This short film about the Young Farmer Incubator program set up by Farmer’s Footprint and The Farm at Byron Bay is a great example of collaboration and grassroots action.

further reading

Did you see the recent article in the Guardian discussing the study that found a move to sustainable food systems could bring $10tn benefits a year?

The study, produced by a number of authors including the Food System Economics Commission, which has been formed by the Potsdam Institute, proposes a shift of subsidies and tax incentives away from large-scale monocultures that rely on fertilisers, pesticides and forest clearance, instead directing them towards smallholders who could turn farms into carbon sinks with more space for wildlife. It was also welcomed by Nicholas Stern, the chair of the Grantham Research Institute on Climate Change and the Environment at the London School of Economics, who said:

“The economics of today’s food system are, sadly, broken beyond repair. Its so-called ‘hidden costs’ are harming our health and degrading our planet, while also worsening global inequalities. Changing the ways we produce and consume food will be critical to tackling climate change, protecting biodiversity, and building a better future. It is time for radical change.”

We couldn’t agree more with this statement, although the study and article do seem to leave out the fundamental role agroecology could and should play.

I (Ollie) also spotted this article in the UK edition of The Guardian recently about a British farming consultant called Heather Wildman who “describes herself as a succession facilitator – a role combining professional consultancy, financial advice, legal mediation, succession planning and life coaching to people working in agriculture: a farm-business counsellor, if you like”. It’s well worth a read over your morning tea.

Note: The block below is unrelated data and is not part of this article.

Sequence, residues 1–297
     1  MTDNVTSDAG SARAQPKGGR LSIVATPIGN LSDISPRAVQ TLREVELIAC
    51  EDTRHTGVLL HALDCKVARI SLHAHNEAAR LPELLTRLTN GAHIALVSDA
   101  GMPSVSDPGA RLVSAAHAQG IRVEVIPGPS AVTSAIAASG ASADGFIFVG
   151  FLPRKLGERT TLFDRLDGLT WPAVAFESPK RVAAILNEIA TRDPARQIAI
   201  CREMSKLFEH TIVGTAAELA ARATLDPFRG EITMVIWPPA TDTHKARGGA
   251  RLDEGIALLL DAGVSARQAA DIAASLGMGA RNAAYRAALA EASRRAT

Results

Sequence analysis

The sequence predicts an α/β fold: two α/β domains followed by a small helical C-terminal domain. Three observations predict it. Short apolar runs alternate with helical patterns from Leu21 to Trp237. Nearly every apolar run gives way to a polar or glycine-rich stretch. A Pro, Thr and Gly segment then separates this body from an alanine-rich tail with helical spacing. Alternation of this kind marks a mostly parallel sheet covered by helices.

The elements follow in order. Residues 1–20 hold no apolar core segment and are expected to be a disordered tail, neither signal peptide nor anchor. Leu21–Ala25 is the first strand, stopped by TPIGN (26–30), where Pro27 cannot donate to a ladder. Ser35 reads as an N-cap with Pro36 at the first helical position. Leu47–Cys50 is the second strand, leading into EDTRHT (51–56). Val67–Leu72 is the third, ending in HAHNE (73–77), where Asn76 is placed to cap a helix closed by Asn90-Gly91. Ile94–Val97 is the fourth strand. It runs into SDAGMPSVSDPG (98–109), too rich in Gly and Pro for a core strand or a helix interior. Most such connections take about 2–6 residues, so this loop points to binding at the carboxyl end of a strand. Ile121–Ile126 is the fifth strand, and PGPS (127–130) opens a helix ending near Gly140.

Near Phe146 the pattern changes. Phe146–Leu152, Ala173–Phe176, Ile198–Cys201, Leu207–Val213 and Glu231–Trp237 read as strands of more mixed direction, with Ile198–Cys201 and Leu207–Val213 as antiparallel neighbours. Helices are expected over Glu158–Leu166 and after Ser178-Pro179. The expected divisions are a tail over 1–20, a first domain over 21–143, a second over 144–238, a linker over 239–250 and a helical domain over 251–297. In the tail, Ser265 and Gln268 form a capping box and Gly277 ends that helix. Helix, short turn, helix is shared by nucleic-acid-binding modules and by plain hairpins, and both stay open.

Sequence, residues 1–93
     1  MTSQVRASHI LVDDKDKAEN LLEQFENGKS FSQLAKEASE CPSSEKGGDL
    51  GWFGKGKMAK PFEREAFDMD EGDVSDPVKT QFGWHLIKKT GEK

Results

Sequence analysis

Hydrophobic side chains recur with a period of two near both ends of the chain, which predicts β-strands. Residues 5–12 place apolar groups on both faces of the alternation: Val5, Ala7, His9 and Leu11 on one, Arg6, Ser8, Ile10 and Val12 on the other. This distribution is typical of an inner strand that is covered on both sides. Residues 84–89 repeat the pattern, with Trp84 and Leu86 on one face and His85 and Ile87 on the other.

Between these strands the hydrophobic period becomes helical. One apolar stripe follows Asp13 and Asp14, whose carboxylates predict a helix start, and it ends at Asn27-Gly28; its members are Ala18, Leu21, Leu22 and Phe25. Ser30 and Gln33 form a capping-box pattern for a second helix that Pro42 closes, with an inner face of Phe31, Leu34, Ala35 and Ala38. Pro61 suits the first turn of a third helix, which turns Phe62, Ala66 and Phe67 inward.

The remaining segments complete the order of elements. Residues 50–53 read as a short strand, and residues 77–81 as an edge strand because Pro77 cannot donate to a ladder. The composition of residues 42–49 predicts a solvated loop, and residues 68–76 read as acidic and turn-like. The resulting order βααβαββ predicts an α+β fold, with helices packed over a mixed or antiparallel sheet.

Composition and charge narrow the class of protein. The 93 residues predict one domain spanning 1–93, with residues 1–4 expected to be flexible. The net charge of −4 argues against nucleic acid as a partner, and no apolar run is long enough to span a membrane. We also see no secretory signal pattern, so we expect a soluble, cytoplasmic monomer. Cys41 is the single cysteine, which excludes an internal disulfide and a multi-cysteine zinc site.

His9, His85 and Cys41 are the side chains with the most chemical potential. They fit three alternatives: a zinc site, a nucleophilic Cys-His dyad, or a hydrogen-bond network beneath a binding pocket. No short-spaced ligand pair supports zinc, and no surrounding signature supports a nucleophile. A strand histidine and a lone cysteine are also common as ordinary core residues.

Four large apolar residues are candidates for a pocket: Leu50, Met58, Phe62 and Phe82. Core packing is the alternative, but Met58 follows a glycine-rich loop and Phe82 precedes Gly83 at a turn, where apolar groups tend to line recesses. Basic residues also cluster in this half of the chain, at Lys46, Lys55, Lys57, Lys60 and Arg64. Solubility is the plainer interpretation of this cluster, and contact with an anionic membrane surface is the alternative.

It got me thinking, does something similar need to exist in Tasmania? Is anyone providing this, or do people feel Sprout already cross over into this work? At a time when I’m pondering our capacity to assist producers on a one-to-one level, do we have the ability to offer this level of work?

As always, we love hearing from you, so please drop us an email, contact us via our socials, or even give us a call if you have any views on this, or anything else mentioned in this month’s newsletter.

We hope you enjoy the summer season, see you again at the start of February.

Thanks as always,

Jen and Ollie